Labeling, discovering, and detecting objects in images
Author(s)Russell, Bryan Christopher, 1979-
Massachusetts Institute of Technology. Dept. of Electrical Engineering and Computer Science.
William T. Freeman.
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Recognizing the many objects that comprise our visual world is a difficult task. Confounding factors, such as intra-class object variation, clutter, pose, lighting, dealing with never-before seen objects, scale, and lack of visual experience often fool existing recognition systems. In this thesis, we explore three issues that address a few of these factors: the importance of labeled image databases for recognition, the ability to discover object categories from simply looking at many images, and the use of large labeled image databases to efficiently detect objects embedded in scenes. For each of the issues above, we will need to cope with large collections of images. We begin by introducing LabelMe, a large labeled image database collected from users via a web annotation tool. The users of the annotation tool provided information about the identity, location, and extent of objects in images. Through this effort, we have collected about 160,000 images and 200,000 object labels to date. We show that the database spans more object categories and scenes and offers a wider range of appearance variation than most other labeled databases for object recognition. We also provide four useful extensions of the database: (i) resolving synonym ambiguities that arise in the object labels, (ii) recovering object-part relationships, (iii) extracting a depth ordering of the labeled objects in an image, and (iv) providing a semi-automatic process for the fast labeling of images. We then seek to learn models of objects in the extreme case when no supervision is provided. We draw inspiration from the success of unsupervised topic discovery in text. We apply the Latent Dirichlet Allocation model of Blei et al. to unlabeled images to automatically discover object categories. To achieve this, we employ the visual words representation of images, which is analogous to the words in text.(cont) We show that our unsupervised model achieves comparable classification performance to a model trained with supervision on an unseen image set depicting several object classes. We also successfully localize the discovered object classes in images. While the image representation used for the object discovery process is simple to compute and can distinguish between different object categories, it does not capture explicit spatial information about regions in different parts of the image. We describe a procedure for combining image segmentation with the object discovery process to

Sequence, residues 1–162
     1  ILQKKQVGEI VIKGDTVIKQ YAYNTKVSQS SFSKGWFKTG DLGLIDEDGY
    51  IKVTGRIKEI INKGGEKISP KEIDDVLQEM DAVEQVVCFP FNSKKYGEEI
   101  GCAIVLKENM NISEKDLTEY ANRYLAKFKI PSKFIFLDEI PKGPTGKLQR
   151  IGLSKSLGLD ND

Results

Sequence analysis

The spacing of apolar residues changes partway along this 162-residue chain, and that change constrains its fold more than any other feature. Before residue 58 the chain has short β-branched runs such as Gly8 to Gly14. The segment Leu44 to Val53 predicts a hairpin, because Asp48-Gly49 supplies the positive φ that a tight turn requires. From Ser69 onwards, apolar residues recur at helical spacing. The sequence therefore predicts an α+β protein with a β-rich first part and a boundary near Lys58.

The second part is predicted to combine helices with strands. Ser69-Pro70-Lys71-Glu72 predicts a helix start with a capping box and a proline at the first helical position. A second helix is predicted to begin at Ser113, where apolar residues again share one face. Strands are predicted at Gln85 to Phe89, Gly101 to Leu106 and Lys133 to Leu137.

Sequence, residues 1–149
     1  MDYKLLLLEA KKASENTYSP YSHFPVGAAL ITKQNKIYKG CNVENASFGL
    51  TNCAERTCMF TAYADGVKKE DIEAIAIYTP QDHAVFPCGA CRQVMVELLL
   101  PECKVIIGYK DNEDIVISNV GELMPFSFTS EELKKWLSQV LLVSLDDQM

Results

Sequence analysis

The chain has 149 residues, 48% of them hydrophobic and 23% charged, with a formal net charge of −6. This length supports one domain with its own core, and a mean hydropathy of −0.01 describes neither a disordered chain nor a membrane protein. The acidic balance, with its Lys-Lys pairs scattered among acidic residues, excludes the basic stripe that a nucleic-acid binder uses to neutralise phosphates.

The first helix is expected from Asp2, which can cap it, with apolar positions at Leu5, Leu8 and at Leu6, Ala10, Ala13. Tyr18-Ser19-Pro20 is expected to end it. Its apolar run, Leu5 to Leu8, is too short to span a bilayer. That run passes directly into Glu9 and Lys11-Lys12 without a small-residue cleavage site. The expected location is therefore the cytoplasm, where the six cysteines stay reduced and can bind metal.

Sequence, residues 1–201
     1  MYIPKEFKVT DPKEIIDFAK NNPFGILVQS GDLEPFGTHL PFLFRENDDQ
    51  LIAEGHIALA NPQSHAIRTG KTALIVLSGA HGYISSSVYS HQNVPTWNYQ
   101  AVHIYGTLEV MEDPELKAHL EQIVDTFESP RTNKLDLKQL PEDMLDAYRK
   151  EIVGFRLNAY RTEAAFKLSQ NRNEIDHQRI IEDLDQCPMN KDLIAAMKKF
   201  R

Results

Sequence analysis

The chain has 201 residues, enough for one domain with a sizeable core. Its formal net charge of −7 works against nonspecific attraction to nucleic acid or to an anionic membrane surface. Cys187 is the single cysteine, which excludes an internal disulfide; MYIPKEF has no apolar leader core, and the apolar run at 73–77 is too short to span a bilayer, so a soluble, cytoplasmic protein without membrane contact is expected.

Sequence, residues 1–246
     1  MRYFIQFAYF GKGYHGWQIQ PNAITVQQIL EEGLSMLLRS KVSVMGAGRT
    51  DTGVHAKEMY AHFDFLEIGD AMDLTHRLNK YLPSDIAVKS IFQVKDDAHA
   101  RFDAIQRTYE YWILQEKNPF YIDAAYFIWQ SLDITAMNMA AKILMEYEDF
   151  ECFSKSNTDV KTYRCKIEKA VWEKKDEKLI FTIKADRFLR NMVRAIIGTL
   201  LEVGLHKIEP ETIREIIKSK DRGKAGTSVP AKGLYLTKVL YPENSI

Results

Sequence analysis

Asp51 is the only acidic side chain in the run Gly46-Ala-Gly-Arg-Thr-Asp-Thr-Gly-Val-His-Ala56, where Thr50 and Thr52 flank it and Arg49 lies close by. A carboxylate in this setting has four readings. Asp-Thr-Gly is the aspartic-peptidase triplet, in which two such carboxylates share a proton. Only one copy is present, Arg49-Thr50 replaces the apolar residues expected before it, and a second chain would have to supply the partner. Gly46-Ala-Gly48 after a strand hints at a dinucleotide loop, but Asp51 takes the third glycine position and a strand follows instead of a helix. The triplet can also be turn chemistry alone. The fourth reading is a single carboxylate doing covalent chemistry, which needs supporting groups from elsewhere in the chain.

Thesis (Ph. D.)--Massachusetts Institute of Technology, Dept. of Electrical Engineering and Computer Science, 2008.Includes bibliographical references (p. 131-138).
DepartmentMassachusetts Institute of Technology. Dept. of Electrical Engineering and Computer Science.
Massachusetts Institute of Technology
Electrical Engineering and Computer Science.